Even if you’ve never suffered from depression in your own life, you probably know one person who has struggled with this increasingly common mental disorder. Unfortunately for depression patients, this disease is often unjustly stigmatized in our highly competitive society. However, a few new brain scans of depression patients in the UK and in China are changing how many think of depression. These scans of the brain show beyond the shadow of a doubt that depression is a real disease that affects the physical structure of the brain.

Professors at the University of Warwick in the city of Coventry, UK, and psychologists from Fudan University, which is near Shanghai, took a look at brain scans from clinically depressed patients and normally functioning human beings. They discovered that people with depression have a severe problem with their lateral orbitofrontal cortex, which is a part of the prefrontal cortex. The lateral orbitofrontal cortex is only activated when we are suffering greatly or when we don’t receive rewards that we were expecting. Scientists believe that people who have depression have greater difficulty interpreting, appreciating, and receiving rewards than other people. They hope their research will help psychologists and psychiatrists discover new treatment options for depression very soon.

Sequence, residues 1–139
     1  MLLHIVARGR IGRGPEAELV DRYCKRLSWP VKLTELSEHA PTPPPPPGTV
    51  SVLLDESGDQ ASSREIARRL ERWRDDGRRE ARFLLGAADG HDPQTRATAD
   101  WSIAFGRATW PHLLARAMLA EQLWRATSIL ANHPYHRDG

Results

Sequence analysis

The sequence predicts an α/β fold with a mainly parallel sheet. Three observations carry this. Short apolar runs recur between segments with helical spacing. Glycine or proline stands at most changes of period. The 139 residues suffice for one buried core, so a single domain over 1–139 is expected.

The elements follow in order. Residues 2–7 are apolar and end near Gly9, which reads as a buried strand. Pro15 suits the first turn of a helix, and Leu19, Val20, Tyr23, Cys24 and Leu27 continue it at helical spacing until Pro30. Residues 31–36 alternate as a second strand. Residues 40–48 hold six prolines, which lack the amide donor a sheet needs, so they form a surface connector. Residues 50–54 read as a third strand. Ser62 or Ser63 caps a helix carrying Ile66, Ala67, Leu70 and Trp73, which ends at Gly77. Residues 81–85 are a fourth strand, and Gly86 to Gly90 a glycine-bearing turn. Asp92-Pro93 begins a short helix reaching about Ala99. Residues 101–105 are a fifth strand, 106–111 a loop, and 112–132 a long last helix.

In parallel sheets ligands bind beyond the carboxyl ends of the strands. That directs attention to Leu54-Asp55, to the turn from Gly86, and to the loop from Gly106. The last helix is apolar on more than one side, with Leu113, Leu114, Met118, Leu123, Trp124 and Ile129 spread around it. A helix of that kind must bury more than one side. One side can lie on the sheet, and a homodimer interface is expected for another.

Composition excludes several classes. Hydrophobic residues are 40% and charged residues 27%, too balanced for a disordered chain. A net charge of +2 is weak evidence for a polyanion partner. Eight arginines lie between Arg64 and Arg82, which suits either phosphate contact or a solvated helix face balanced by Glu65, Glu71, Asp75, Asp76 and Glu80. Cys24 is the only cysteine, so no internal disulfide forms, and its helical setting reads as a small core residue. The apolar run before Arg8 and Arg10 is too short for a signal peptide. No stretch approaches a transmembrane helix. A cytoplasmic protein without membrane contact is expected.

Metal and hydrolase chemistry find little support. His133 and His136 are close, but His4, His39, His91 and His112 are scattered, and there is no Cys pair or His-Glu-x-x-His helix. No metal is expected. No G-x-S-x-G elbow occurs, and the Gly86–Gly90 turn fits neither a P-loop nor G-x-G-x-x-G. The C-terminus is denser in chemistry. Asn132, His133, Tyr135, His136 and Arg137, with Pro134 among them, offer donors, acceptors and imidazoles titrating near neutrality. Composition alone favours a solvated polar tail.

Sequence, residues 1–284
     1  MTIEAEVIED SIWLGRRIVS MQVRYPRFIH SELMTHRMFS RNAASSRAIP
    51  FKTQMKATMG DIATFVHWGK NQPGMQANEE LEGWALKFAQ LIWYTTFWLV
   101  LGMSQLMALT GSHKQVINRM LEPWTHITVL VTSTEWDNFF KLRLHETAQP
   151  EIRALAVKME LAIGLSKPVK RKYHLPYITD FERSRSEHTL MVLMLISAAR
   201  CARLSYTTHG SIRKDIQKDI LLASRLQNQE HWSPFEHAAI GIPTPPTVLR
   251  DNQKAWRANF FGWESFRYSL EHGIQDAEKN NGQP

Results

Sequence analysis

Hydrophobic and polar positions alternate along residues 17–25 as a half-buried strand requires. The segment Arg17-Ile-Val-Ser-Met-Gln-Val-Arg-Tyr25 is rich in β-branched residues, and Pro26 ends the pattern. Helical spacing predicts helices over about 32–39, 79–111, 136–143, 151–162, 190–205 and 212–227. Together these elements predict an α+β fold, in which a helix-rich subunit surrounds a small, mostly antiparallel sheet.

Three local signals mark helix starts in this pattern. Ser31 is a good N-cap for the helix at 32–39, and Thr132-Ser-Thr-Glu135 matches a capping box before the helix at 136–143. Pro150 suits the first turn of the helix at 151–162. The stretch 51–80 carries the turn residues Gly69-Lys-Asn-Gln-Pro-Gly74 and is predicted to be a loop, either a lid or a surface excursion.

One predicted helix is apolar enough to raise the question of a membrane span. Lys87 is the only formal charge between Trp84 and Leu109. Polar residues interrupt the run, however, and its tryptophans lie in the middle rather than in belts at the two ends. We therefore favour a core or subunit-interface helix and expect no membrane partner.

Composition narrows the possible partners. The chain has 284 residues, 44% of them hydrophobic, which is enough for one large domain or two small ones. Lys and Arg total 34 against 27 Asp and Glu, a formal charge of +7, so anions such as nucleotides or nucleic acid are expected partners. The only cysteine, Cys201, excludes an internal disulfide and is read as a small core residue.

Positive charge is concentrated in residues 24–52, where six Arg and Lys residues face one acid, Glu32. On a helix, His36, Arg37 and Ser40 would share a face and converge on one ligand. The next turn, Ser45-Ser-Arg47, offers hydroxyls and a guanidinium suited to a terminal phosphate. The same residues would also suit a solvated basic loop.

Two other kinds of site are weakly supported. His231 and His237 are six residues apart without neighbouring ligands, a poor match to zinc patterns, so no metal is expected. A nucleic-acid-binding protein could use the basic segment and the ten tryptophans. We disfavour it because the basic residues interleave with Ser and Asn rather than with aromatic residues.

Not only does this information help mental health professionals, it also helps people with this disease sympathize with what a depressed person must be experiencing every day. The researchers on this study noted that depression is a major health problem in many industrialized countries. They estimate that one in ten people experience this terrible disease at some point in their lives. Indeed, the disease is so prevalent in the UK that Prozac deposits were found in London’s tap water. Hopefully this new finding will help us all tame what Winston Churchill referred to as the “black dog” of depression.